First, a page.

What Happens When You Finally Type “The End”?

ACFWAdvice, Authors and writing, Encouragement, research, revisions, writing 2 Comments

by Glynn Young @gyoung9751

It’s been more than two years since the writing began. It’s been more than four since the research started. A little over a month ago, on Jan. 16, I wrote this in my writing journal: “Reached 87,758 words. First draft completed.” Five days later, I wrote “First reread / editing completed.”

It was there I stopped, almost mentally and emotionally spent. I need to do the second edit, which for me is the most serious one. But I stopped, to catch my breath, reflect and take stock, and consider how the past two years of my life have been devoted to a story that is about 25 percent true and 75 percent fiction. Nd what I thought was mostly true mostly wasn’t.

I’ve published five novels and a non-fiction book. I’ve completed two novel manuscripts that have potential but need considerable reworking. I have at least five different novel ideas, and a dozen short stories, buzzing around my head.

This story I just finished, this manuscript I’ve labored over, isn’t exactly a labor of love. It’s more a labor of sweat, the story I had to get done.

The story idea began as a memory more than 50 years ago. My father made an offhand remark about his grandfather, whom he barely remembered (he’d died when my father was 4). He said that his grandfather had been too young to enlist as a soldier in the Civil War, but that he had joined as a messenger boy. When the war was over, he was left stranded somewhere in the east, Virginia or North Carolina, and he had to make his way home to Mississippi on foot. When he arrived months after the war ended, he discovered his family was gone, having fled somewhere west to east Texas. My great-grandfather’s journey had continued, until he finally found them. They eventually returned to Mississippi.

What a story it was! And it stayed with me. One day, I’d told myself, I will write this story. I would find out what it would have been like to walk more than 700 miles across a society devastated by war and a landscape often destroyed.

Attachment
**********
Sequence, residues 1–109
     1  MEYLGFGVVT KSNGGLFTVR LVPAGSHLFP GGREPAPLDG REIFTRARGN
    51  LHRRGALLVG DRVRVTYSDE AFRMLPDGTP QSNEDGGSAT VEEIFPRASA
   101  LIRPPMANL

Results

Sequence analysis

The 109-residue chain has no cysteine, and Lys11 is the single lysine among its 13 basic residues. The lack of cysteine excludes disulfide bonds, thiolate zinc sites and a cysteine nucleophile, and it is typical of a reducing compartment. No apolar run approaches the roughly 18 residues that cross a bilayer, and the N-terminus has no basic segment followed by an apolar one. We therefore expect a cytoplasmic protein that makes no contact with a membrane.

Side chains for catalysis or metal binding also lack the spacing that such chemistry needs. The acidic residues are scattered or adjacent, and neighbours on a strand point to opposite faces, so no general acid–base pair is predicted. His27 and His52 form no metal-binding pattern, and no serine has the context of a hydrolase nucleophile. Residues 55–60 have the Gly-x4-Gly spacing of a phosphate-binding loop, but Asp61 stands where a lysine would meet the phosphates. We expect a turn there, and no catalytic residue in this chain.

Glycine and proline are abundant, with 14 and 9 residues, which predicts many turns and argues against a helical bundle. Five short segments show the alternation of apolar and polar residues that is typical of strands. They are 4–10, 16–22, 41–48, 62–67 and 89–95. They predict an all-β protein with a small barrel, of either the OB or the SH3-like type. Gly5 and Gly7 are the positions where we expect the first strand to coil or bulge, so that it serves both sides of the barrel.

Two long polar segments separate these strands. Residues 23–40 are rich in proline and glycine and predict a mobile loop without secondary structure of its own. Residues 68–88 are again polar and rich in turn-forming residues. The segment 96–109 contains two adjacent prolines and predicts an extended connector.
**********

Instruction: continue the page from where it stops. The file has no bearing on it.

Life intervened. My writing went in other directions for decades. But I eventually found my way back to this memory.

The research started two years before the writing. So much has been written about the Civil War that I soon found myself drowning in research.

I learned to be ruthless and narrowed my research. A story may work better when you know a lot about a little. Too much research leads to paralysis.

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And I learned not to trust family stories, including my father’s memory. Yes, my great-grandfather may have been a messenger boy, but that title wasn’t a military one. Instead, it belonged to the young boys who delivered telegrams to families, often describing the death in battle of a loved one.

My great-grandfather wasn’t too young to join up. In fact, when the war began, he was exactly the age to be conscripted. And he didn’t fight in the east but in the western theater of the war. When the war ended, he was in Texas, not far from where his family was living. Anyone who might have first-hand or even second-hand knowledge of whether the rest of his story, like the long trek home, was true or not was long dead. By then I’d become a skeptic.

I discovered most of this when most of the writing was done. But I stuck with the story, or at least a story, anyway. I accepted the fact that my great-grandfather had lived a story that was not the story I’d spent so much time on.

With the story drafted, and the first edit done, I’ve given myself permission to stop and rest, before what will be my hardest task – the second edit. I need a little distance from this consuming manuscript. My research has turned from histories, biographies, cultural studies, and memoirs to reading how others wrote novels, stories, and poems about the war for both adults and children.

I’m pleased with where I am; it’s always better to be nearer the end than the beginning, even if the toughest battle is just ahead. But I taught myself that’s it’s okay, and maybe necessary, to stop and rest after typing “The End.”

Glynn Young is a national award-winning speechwriter, communications practitioner, and novelist. He’s the author of five published novels, Dancing PriestA Light ShiningDancing KingDancing Prophet;  and Dancing Prince; and the non-fiction book Poetry at WorkVisit Glynn on Facebook, LinkedInPinterest, his blog, the Dancing Priest book page, and his business web site.




Comments 2

  1. Spoken like a true writer, Glynn! When a manuscript comes to a close, I often feel relieved but sad too. Between projects is almost like jolting to a stop and catching my breath while waiting for direction. May God guide us and all the poets and writers floating aroud in that waiting space.

    1. My head is already racing into the next story, and it has no connection to this one. I had to stop myself from starting to think through a sequel, because it was getting jumbled with the next story.

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